As any experienced small-cap investor knows, certain stocks can get hot (and cold).

Often, the buying and selling is based on information which directly affects the underlying fundamentals of a given company; earnings updates or new contracts won.

But an important part of any investors’ toolkit is to at least have an understanding of technical indicators, as well as fundamentals.

One such metric is the Relative Strength Index (RSI); a momentum gauge which indicates whether a stock has been overbought or oversold.

What it does

The RSI calculation is derived from two key aspects of the price action for a given company; the number of days a stock closes higher (or lower) from the previous session, and the size of those daily moves.

It helps provide a distinction between stock trading based on fair value and stock trading based on momentum.

While positive market updates usually drive a company’s early gains, too many daily increases in a row and the RSI will provide a warning that the market is getting ahead of itself.

Conversely, too many consecutive declines may cause a company to be undervalued, so investors also keep an eye what’s been oversold to spot potential buying opportunities.

The standard period of time on which RSI calculations are based is 14 days. The results are displayed via an oscillating graph on a scale from 0 (oversold) to 100 (overbought).

And as a generally accepted rule, a reading of 70 is seen as the level at which a company’s been overbought. If a stock has a reading of 30 or below, it may be undervalued.

Running hot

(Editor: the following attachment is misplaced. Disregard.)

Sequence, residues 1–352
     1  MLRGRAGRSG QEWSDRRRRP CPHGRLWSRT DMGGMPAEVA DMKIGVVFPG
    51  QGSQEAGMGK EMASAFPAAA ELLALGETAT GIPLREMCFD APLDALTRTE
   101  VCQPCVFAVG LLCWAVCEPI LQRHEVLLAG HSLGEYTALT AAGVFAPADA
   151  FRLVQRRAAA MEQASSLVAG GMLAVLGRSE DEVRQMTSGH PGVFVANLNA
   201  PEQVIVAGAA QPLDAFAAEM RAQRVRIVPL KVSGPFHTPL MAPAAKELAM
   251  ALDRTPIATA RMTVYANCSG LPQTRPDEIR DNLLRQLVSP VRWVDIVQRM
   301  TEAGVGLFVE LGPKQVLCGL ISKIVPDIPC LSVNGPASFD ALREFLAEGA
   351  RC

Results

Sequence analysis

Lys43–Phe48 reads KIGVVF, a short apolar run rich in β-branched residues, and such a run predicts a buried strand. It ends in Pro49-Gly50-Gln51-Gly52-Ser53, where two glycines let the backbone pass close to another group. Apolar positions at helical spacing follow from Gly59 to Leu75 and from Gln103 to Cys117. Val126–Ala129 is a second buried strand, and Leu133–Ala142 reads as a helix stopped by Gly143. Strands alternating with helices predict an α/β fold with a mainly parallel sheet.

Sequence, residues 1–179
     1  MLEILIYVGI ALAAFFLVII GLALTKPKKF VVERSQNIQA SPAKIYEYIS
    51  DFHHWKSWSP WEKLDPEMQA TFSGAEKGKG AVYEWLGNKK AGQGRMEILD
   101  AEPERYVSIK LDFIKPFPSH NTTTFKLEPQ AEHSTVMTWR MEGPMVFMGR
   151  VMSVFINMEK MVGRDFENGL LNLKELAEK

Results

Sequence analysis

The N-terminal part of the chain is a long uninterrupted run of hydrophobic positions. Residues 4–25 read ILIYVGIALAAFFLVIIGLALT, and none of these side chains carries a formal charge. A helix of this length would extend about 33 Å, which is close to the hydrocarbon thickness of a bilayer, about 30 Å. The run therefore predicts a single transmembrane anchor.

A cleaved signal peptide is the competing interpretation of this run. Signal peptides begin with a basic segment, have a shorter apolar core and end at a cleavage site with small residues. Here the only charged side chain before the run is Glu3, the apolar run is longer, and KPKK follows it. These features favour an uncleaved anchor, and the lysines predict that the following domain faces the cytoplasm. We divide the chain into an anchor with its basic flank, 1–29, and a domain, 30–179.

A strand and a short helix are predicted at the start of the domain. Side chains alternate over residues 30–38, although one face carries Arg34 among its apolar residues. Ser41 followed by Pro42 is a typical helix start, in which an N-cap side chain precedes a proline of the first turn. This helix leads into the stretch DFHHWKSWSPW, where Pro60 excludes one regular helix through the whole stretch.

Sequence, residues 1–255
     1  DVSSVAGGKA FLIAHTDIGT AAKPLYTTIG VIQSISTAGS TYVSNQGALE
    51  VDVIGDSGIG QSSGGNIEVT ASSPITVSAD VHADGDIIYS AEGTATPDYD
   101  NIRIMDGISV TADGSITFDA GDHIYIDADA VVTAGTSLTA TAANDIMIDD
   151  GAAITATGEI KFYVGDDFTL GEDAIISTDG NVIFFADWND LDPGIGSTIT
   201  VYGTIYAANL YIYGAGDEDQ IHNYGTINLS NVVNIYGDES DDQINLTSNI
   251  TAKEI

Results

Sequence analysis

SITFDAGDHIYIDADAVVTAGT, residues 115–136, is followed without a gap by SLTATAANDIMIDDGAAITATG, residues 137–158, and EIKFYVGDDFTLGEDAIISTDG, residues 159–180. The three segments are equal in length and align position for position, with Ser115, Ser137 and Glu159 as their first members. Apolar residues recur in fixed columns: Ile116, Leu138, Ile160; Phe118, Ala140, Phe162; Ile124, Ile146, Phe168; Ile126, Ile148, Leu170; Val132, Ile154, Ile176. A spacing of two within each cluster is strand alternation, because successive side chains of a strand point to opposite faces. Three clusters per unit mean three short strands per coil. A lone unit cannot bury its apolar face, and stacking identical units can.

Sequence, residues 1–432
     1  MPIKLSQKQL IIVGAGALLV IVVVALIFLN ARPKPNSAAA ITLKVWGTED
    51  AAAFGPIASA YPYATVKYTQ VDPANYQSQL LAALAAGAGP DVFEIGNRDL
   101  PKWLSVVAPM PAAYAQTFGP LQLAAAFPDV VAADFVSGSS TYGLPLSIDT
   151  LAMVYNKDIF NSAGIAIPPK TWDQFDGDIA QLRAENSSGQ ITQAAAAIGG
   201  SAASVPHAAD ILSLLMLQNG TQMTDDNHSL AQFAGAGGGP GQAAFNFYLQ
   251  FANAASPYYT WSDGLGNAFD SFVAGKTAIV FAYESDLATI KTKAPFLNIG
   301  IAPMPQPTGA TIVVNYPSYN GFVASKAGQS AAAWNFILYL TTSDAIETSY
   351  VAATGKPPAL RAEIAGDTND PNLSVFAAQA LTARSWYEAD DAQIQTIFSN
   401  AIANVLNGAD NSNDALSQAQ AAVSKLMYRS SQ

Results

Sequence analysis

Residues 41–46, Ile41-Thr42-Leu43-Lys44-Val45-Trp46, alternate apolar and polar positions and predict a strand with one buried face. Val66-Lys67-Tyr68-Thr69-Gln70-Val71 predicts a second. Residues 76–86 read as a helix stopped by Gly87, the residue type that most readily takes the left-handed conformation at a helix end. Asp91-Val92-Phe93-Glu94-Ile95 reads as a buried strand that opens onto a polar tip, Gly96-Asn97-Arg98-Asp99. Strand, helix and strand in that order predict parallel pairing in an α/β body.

So with that explainer in mind, which stocks were running hot over the past couple of weeks?

Stockhead has compiled a list of those that have oscillated towards the higher end of the spectrum. And to dial up the heat gauge a little, we filtered the group to companies with a reading of 80 or above.

Topping the list was Chase Mining (ASX: CML), which was the only company on the ASX to register an RSI above 90.

A 17.65 per cent gain on Friday May 10 prompted a speeding ticket from the ASX, but CML was “not aware of any information” which could explain the rise.

The company then posted two consecutive gains of 35 per cent last week, before announcing the results of geophysical processing which revealed “massive sulphide conductors” at its Lorraine Project in Quebec, Canada. The price then cooled off with a 14 per cent fall to close on Friday at 3.6 cents.

Here’s a summary of the stocks that were running hot for the two weeks ended Friday, May 17:

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Running cold

On the other end of the spectrum are stocks that look unloved, from a technical standpoint.

While the initial selling may be have caused by some bad news, the technical RSI indicates the market has overshot it and they may be due for a rebound.

In this case at least, the company with the lowest RSI over the past two weeks was Actinogen (ASX:ACW), with a reading of 14.

However, on May 7 the company released some news which negatively altered its whole outlook. Its Xanamem Alzheimer’s treatment, which was years (and many millions of investor dollars) in the making, turned out to be ineffective.

ACW shares immediately slumped by more than 70 per cent; price action that will leave you at the bottom end of the RSI curve (and in this case, probably with good reason).

Here are the stocks that were running cold for the two weeks ended Friday, May 17:

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